Foodstuffs Wellington is considering buying failed online fish trader Southfresh.
The supermarket chain’s retail general manager, Graham Douglass, says picking up Southfresh is a possibility as the company pursues other B2B e-commerce plans with Foodstuffs South Island and Foodstuffs Auckland.
If that doesn’t eventuate, the closure of Southfresh will send the company “back to square one” in dealings with seafood suppliers.
The system allowed suppliers to input product availability details into a dynamic database, a valuable capability for commodities subject to seasonal supply variations.
“It opened up supply options for suppliers that might not have had access to our business,” Douglass says.
He isn’t prepared to say what the company, which has about 150 outlets in the lower North Island, would pay for Southfresh. Southfresh’s founder says the company’s Varenti trading software cost more than $1 million to develop.
Foodstuffs Wellington is a separate entity from Foodstuffs South Island and Foodstuffs Auckland but the three are working together on creating an exchange for their suppliers.
Foodstuffs Wellington IT manager Egon Guttke says a pilot of the exchange is not far from going live. It is being developed and hosted by a company he’s not prepared to name.
“It’s not a multimillion-dollar project as far as external spending is concerned. The important point for us is that all three Foodstuffs will deal with our suppliers in the same way.”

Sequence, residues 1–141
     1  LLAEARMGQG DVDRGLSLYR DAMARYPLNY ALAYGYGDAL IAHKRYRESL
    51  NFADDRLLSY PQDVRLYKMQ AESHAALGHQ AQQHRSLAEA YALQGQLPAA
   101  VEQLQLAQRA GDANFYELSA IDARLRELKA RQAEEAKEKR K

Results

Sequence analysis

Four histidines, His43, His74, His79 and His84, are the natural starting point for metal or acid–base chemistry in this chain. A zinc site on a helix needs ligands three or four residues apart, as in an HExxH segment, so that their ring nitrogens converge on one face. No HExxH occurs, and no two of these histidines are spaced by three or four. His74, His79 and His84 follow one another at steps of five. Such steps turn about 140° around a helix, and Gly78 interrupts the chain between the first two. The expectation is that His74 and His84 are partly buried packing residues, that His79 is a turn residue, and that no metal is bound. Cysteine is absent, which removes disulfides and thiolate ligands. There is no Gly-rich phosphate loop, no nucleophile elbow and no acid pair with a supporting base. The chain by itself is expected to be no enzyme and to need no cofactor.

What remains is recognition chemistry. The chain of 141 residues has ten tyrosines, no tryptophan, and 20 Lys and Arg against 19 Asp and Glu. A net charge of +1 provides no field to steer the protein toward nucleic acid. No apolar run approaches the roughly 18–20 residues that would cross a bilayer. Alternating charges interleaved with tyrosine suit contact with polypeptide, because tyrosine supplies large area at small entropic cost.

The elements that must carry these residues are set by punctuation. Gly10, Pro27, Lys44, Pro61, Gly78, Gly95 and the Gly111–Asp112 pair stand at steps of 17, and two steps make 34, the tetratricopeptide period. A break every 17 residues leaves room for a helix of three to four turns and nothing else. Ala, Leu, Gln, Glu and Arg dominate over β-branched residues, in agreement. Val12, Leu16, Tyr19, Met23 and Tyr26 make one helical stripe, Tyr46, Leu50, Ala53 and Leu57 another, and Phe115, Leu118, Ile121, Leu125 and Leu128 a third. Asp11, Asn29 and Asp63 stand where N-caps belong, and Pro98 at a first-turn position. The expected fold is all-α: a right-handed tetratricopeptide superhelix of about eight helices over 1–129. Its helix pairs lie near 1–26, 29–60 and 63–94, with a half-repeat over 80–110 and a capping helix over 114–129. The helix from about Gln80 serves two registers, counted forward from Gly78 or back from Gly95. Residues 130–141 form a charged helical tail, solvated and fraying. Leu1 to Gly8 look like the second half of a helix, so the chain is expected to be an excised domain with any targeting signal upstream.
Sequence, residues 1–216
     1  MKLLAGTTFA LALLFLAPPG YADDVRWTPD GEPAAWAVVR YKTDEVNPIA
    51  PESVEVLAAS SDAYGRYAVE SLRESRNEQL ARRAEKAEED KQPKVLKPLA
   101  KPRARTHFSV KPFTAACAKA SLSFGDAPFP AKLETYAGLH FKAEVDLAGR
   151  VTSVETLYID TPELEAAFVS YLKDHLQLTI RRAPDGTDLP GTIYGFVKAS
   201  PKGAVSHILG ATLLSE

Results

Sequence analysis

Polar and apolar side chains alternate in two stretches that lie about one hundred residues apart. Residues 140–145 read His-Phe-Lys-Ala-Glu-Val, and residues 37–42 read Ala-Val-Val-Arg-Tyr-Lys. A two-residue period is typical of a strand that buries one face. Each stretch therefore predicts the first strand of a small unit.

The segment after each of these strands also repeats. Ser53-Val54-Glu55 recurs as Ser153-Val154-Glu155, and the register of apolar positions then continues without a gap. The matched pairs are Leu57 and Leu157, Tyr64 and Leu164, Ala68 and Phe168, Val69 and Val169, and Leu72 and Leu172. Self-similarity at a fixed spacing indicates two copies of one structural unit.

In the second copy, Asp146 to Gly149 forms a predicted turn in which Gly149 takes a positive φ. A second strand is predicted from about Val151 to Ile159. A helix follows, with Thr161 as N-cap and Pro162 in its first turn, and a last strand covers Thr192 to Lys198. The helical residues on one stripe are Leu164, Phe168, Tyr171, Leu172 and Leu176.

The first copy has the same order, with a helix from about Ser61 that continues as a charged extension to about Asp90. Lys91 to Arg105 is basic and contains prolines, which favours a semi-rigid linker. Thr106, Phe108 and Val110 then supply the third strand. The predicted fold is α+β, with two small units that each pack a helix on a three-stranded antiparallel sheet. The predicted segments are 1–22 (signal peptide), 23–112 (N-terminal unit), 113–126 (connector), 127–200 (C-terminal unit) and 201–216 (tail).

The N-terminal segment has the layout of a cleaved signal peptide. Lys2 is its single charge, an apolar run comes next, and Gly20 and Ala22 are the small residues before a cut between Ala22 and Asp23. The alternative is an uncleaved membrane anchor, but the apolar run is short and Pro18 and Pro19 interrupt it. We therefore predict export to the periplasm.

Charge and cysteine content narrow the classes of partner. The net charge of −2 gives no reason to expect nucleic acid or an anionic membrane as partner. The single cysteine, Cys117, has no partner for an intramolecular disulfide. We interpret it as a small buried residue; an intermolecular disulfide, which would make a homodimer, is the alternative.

Work is continuing on getting the company’s systems ready to work with the exchange, Guttke says, which will handle all purchase orders.
Douglass says a decision on Southfresh will depend on how it fits in with the exchange plans. Those intricacies are being studied, and he’d like to “get some discussions going” with Southfresh this week.
“Purely and simply that will involve reviewing the software with our technical people and their technical people.”
Douglass isn’t deterred from moving towards e-commerce by Southfresh’s failure.
“There’s no doubt e-commerce is the way of the future but all parties need to see the value.”
Another organisation feeling the fallout of Southfresh’s demise is Waikato University’s management school. Southfresh makes its software available to about 50 students as part of a course that teaches entrepreneurship.
Management school head Mike Pratt says students have guaranteed access to the software for as long as they need it. He says there’s some irony in the fact that a company providing software used to teach budding entrepreneurs is shutting up shop.
“Often there’s more to be learnt from things that go wrong than those that go right,” Pratt says.